Interview to Evangelos D. Kokkinos
"Britain and the US have always tried to keep Germany and Europe away from Russia, and this outdated geopolitical and imperialistic policy is now coming to a deadly climax", says Dr. William Mallinson*, professor of Political Ideas and Institutions at the Guglielmo Marconi University, member of the editorial board of the Journal of Balkan and Near Eastern Studies and former British diplomat, in an exclusive interview with Pentapostagma.
"Britain has always supported Turkey, as a buffer against Russia, as a way to hang onto its military bases in Cyprus, and to use Cyprus with the USA as a de facto NATO base", he said, regarding the developed defense relations between Turkey and Great Britain, while he also referred extensively to the background of the construction of the Turkish TF-X fighter aircraft.
"America’s nightmare would be good relations between Greece and Turkey, with a resolution of the Aegean dispute"
As pointed out by Dr. Mallinson, the most likely developments regarding the Turkey-Libya memorandum, the "Blue Homeland" and the Cyprus issue are, "continuing destabilisation for the foreseeable future, while the world focuses on Ukraine". "As US power in the Eastern Mediterranean decreases, Russia is likely to play a more dominant role in Greece-Turkish relations, with the eventual aim of weakening NATO".
Analyzing the possibility of revival of the pharaonic EastMed energy project, Dr. Mallinson believes that the project is likely to be canceled and replaced with an energy connection between Egypt and Greece, and adds that, "the US needs Turkey even more than Greece, and the US withdrawal of support for the pipeline has pleased Turkey, to Greece’s irritation".
Commenting on Serbia's alleged "pro-Western" turn, the experienced British professor and diplomat clarifies that "Serbia’s relations with Russia are stronger than with the EU", and likens Camp Bondsteel, the largest American base in the Balkans, to a replica of Guantanamo.
Evaluating the possibility of a nuclear conflict or the use of other Weapons of Mass Destruction on the occasion of the war in Ukraine, he believes that if Crimea is threatened, then Russia may consider using depleted uranium missiles against western Ukraine. "Russia is more likely to use some of its most powerful thermobaric weapons, which it has not yet resorted to", he adds.
"Multipolarity is already occurring, although the US is trying to create as many wars as possible to prevent it"
Finally, referring to the discussions on the upcoming multipolar order, Dr. Mallinson points out that "the main struggle is that for the mastery of the EU, with the Ukraine as the battleground". Comparing the current situation with the period before World War II, he emphasized how "the weakening of the UN system, and failed sanctions, are now leading to the next world war, which some would say has already begun".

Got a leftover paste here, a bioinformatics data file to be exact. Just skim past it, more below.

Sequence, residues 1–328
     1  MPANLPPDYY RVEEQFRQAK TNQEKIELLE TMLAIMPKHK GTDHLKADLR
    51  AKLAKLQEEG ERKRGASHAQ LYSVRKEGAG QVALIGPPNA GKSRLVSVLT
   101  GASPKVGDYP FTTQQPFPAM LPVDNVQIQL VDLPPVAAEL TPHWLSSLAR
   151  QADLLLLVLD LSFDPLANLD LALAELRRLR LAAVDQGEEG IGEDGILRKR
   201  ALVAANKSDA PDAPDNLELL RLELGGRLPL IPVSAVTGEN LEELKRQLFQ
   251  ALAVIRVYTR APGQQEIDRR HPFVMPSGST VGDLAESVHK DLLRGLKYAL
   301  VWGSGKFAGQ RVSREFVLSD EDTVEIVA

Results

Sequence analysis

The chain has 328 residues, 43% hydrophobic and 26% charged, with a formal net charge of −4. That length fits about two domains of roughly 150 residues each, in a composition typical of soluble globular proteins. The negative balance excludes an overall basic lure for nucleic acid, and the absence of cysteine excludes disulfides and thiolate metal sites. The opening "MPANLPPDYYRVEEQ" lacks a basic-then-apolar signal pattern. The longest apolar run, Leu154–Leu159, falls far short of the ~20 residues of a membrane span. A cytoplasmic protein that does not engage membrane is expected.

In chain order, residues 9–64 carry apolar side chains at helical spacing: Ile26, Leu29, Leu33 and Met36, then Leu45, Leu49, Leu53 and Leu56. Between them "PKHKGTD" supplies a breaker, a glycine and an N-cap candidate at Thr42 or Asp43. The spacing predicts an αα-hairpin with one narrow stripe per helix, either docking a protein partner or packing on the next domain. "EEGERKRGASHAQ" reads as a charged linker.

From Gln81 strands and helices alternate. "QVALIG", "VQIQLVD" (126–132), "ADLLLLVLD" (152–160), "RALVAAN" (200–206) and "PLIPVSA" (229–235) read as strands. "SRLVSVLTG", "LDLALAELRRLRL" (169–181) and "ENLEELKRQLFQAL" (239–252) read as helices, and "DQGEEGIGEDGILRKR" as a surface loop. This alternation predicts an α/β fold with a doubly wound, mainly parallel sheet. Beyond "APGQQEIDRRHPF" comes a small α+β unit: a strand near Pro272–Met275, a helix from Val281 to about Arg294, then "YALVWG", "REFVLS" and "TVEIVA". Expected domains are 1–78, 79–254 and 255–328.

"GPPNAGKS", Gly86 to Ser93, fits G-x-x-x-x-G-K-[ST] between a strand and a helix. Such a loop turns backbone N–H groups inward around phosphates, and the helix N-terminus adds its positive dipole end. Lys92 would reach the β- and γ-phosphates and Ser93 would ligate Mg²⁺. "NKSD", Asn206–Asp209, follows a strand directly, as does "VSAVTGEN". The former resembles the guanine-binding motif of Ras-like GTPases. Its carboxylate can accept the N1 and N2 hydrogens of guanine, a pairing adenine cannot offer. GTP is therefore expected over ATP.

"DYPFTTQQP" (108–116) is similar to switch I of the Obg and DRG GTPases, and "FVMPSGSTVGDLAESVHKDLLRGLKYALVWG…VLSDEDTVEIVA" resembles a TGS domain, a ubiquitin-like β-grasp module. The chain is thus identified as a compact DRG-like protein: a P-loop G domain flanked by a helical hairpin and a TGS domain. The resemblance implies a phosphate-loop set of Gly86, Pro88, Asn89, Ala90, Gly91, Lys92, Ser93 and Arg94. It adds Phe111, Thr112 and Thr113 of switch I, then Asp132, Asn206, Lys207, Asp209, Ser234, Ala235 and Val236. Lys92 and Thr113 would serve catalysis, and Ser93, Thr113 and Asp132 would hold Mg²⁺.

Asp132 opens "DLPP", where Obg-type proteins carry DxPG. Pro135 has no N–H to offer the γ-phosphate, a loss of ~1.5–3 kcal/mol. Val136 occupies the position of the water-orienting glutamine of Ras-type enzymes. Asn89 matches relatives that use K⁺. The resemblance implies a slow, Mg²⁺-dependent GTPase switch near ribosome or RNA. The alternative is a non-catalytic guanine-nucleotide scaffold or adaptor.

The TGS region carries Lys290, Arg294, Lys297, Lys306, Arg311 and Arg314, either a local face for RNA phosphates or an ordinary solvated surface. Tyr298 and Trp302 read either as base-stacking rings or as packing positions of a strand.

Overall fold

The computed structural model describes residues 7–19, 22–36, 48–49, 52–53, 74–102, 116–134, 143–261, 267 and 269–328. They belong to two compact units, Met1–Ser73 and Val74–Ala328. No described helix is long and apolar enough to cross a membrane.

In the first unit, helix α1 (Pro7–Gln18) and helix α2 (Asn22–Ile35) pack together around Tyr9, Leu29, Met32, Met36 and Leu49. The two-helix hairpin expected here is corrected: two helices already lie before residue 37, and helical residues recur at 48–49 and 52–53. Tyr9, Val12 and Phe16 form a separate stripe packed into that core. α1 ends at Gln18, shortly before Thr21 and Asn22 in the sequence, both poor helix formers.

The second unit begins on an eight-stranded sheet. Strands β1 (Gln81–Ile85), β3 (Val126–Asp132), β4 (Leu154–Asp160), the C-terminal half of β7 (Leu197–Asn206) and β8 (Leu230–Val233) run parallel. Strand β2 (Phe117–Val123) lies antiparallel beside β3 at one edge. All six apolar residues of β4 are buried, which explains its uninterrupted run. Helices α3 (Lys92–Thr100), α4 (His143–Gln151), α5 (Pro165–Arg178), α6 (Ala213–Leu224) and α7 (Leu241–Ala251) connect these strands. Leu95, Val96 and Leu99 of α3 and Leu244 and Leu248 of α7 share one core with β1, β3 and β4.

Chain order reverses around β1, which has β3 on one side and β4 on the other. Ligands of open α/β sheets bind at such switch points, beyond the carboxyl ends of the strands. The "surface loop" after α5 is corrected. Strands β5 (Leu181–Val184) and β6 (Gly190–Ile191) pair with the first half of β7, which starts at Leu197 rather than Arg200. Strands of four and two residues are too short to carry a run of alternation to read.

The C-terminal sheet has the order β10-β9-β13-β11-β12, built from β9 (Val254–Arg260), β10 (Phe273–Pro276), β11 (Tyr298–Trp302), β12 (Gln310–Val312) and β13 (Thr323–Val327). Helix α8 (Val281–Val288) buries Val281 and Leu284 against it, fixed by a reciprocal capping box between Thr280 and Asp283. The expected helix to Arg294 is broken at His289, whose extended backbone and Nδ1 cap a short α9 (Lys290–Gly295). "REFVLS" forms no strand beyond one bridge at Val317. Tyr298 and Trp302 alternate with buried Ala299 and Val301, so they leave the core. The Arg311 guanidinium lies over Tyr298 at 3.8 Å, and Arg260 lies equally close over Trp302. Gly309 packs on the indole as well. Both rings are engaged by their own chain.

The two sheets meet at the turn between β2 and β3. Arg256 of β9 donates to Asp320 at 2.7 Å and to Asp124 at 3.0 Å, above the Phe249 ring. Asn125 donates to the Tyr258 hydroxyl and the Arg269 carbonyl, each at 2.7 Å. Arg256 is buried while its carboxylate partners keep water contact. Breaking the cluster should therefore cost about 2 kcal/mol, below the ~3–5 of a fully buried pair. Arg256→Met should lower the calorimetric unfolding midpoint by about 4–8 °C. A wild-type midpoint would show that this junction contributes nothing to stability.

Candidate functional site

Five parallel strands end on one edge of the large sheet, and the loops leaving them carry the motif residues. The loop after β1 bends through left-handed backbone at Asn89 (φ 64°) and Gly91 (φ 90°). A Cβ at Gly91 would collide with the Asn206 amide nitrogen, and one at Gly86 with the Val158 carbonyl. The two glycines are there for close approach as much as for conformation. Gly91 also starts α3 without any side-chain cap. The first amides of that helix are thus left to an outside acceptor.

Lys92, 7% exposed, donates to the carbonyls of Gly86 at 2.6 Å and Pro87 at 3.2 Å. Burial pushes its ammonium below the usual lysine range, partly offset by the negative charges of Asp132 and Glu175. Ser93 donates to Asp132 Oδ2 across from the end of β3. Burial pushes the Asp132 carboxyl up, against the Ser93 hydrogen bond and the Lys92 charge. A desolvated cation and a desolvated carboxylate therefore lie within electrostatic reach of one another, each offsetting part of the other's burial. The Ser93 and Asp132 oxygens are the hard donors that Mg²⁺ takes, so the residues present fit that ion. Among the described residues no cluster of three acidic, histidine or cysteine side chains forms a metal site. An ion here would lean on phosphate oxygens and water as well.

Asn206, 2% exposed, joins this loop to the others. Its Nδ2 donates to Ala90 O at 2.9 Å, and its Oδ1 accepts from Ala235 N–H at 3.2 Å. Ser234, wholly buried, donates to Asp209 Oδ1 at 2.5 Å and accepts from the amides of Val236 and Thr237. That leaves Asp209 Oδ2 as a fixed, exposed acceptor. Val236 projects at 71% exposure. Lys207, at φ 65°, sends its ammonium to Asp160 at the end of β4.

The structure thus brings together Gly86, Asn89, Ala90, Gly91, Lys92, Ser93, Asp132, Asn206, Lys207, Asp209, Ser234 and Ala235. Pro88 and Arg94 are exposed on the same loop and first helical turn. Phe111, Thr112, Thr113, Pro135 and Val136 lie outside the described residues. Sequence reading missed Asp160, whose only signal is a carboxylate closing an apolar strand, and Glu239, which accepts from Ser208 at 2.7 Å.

"As for Greece, this is a joke. She has constantly proved herself a traitor towards her main historical ally, Russia, preferring to send weapons and money to Kiev to kill Russians, rather than even pay its own citizens’ pensions on time! Greece has no foreign policy: it is Anglo-Saxon. It is unfortunate that Greece cannot learn from Turkey in this respect", Dr. Mallinson concluded.
The full interview:
- How do you see the developed defence relations between Turkey and Great Britain in the field of war industry? Britain is said to assist Turkey in developing the TF-X fighter jet, a move with negative consequences for Greece. How would you comment on that?
Britain has always supported Turkey, as a buffer against Russia, as a way to hang onto its military bases in Cyprus, and to use Cyprus with the USA as a de facto NATO base. Turkey is trying to increase its military, industrial and economic strength in the region. But us is still early days: regular production has not started, and there are still discussions about licencing. The production of engines has not yet been decided. Also, not only Britain’s BA Systems and Rolls Royce are involved, but America’s General Electric is competing. Sweden’s Saab is also said to be involved in developing the design. Much goes on behind the scenes. And to enrich the picture, Russia’s Rostec is said to be in the picture. Turkey is playing its well-known Byzantine balancing game between opposing forces, to gain maximum advantage. On the one hand, she has Russian S-400 systems, while on the other she is still trying to get the US o give the go-ahead for F-16’s. The US congress has said that Turkey must first approve Sweden’s NATO application. As for Greece, she is likely to buy F-35s from America. The cat among the pigeons is Russia, which could even consider offering jets to Turkey in return for Turkey not approving Sweden’s NATO application. This all very interesting for the American military-industrial-congressional-complex, whose essential aim is shareholder profits. Turkey’s aim is eventually to have its own indigenous production of fighter jets. Greece has been forced to reciprocate by increasing its defence budget. Greek-Turkish tensions are lucrative for America. America’s nightmare would be good relations between Greece and Turkey, with a resolution of the Aegean dispute.